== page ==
I didn’t choose the title of this article casually, rather for those who share my belief that roses are vital to our gardens.  Because of the masses of color they grant so freely, I feature lots of roses in any landscape I imagine.  So, if your interest lies in pretty borders with only an occasional rose, turn elsewhere.

Basic to my deep affection for roses is the lengthy duration of their blossoming cycles.  We’re spoiled in Santa Barbara because of our extended flowering season, which on average, guarantees roses in bloom for nine months of the year—a veritable parade of nonstop color.  Although our climate suits other flowering plants as well, their season is severely limited compared to that of roses.  Our wisteria, for instance, takes my breath away every year with the profusion of its spring bloom, but I recognize at the same time that I must wait nearly 50 weeks or so for another floriferous display.  Not so for roses—they stubbornly persist.

Location is an important factor in planting rosebushes.  Ideally, in temperate climates, roses should be planted in full sun.  If that’s not possible, aim for locations that afford at least four to six hours of sunlight each day (preferably from 10 am to 4 pm).  If someone tells you this or that other rose likes shade, thank them for the tip, then ignore it.  Roses are resolute sun lovers, and none I know “likes” shade; they may tolerate it, but will never appreciate it.

After sunlight, pay close attention to air circulation.  When air circulates freely among rosebushes, fungal diseases face an uphill battle for establishing a foothold.  Besides avoiding restricting roses unnecessarily, stay away from planting sites too close to a building or wall.  Foundation footings often restrict root expansion, stunting new growth.

By all means plant rosebushes in holes that drain quickly and thoroughly.  Then, refill the hole with the best garden soil you can get your hands on and plan to add lots of organic material as the growing season progresses.  My personal preference for handling new rose-growing sites is to prepare soil months before I plant, allowing time for beneficial bacteria and earthworms to activate the soil, thereby preventing it from becoming anaerobic.

When adding roses to your landscape, think impact.  Don’t plant one bush where you can plant three, and don’t mix colors.  Instead, plant multiple bushes of the same variety, guaranteeing a spot of color that truly shines.  Place roses where you can appreciate them from both near and far— near for their intoxicating fragrances and afar for their glorious mass of color.

Speaking of color, roses come in a vast array—virtually every color except true blue.  If you want to complement the colors with which you decorate indoors, plant roses of similar shades, thereby extending indoor color to the garden.  A favorite client of mine revels in the fact that no matter what window in her house you gaze through, you see in the garden the very colors you see in her upholstery, carpets, art, wall and/or window coverings.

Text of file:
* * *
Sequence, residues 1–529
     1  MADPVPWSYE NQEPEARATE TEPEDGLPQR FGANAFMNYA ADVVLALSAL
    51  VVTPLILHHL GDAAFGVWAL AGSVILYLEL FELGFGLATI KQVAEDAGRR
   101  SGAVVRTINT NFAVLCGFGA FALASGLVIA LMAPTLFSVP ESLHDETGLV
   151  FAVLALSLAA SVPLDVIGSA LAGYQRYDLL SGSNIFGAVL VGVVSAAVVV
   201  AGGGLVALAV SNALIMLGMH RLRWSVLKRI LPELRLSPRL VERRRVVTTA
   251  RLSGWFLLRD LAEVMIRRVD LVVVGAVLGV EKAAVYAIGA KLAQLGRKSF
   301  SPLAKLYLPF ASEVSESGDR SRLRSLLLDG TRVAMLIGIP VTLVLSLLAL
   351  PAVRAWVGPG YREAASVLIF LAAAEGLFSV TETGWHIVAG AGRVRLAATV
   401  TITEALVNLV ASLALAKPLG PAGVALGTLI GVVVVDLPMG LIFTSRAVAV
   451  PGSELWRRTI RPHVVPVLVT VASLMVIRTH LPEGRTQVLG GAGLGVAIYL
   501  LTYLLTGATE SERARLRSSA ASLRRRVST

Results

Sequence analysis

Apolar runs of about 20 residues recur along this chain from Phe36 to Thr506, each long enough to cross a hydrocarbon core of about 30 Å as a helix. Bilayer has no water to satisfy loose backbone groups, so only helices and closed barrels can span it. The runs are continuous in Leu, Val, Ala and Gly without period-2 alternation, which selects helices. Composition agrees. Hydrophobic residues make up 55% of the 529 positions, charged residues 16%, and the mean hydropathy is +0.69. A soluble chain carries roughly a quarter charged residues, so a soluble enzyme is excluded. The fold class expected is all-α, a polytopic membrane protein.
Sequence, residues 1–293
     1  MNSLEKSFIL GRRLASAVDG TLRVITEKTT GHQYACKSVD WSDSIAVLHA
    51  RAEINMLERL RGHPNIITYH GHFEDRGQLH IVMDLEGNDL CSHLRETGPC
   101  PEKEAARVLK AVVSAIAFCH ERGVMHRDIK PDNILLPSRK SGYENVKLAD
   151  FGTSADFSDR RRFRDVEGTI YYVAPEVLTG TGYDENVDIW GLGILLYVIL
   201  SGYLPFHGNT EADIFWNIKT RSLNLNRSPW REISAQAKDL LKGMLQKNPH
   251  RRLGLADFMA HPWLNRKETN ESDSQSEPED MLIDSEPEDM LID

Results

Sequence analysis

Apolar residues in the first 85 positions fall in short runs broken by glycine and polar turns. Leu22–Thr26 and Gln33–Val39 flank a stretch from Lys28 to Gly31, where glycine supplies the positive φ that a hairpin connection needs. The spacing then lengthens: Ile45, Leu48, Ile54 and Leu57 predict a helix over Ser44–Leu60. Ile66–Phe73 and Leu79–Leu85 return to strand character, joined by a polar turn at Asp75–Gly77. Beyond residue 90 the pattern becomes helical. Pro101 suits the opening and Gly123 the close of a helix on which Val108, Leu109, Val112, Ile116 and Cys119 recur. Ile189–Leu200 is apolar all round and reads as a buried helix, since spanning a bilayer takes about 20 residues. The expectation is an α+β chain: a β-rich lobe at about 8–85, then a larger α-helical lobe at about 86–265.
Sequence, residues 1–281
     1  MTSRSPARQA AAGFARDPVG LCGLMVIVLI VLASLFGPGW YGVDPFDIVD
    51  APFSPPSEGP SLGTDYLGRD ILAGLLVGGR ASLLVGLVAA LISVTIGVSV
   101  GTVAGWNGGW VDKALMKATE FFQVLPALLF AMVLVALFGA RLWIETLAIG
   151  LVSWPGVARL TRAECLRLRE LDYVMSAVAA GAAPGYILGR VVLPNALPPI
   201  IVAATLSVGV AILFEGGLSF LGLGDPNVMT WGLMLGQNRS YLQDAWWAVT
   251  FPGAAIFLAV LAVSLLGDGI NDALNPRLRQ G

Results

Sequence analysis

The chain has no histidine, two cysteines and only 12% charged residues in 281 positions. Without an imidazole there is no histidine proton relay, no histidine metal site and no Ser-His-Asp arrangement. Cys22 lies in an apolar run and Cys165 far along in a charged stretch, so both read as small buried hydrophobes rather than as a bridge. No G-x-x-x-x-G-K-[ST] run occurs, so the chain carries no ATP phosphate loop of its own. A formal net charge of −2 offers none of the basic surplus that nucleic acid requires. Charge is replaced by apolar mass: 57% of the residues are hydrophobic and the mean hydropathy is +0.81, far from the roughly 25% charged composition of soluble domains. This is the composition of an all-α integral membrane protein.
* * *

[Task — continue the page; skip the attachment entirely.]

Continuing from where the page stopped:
Don’t assume because bare-root plants all look alike, they will mature to the same sizes.  They won’t, and they vary widely by variety, so make certain you can handle their size at maturity.  When planting a border, be certain to place short varieties in the front and taller ones in the rear.  Never plant a pillar rose said to reach 12 feet on a low wall.  Rather than enhancing the landscape at large, it will stick out like a sore thumb.

I willingly acknowledge the charms of old garden roses (namely their whimsical forms and delicious fragrance) and encourage those fond of them to incorporate them in their landscapes, but I’m a major fan of modern roses.  Foremost, I’m constantly astounded by their nonstop determination to flourish because my love of roses is too deep to be satisfied with varieties that bloom only once a year.

Gallica Cardinal de Richelieu -1840- above right

Ambridge Rose, introduced 1994, below_______________

If you’re fond of drama in the garden, take a look at the many new varieties of landscape and floribunda roses — guaranteed bang for the buck.  Many of these determined-to-flourish varieties blossom with as many as 50 separate blooms on a single stem!

Once your roses are in place, consider compatible companions, always selecting those with similar requirements for water.  Never use plants that grow too tall or sink their roots too deeply.  Be forewarned that roses’ feeder roots die each winter, allowing roots of neighbors to invade their temporary vacant spaces.  Don’t invite trouble.

I like companion plants that can be pruned hard in winter (as are my roses) and guarantee an impressive floral display in spring—the same time my roses begin to strut their stuff.  Among my favorites are nepeta, Santa Barbara daisy, nemesia, lamb’s ear, scabiosa, alstroemeria, geranium, dianthus and less enthusiastically, dahlias.  These plants flourish where you need them most—at the foot of rosebushes, which grow progressively less attractive as summer wanes.  Besides camouflaging unsightly feet, companion plants also help control spider mites—no inconsequential advantage.

Now that you’ve heard my biases in landscaping with roses, form some of your own.  But, whatever else you do, plant roses—lots of them.

This article first appeared in the April 2004 issue of the American Rose, the monthly journal of the American Rose Society. Dan Bifano is a master consulting rosarian and past president of the Santa Barbara Rose Society. He is also very well known in his professional capacity as a successful designer of world class rose gardens.

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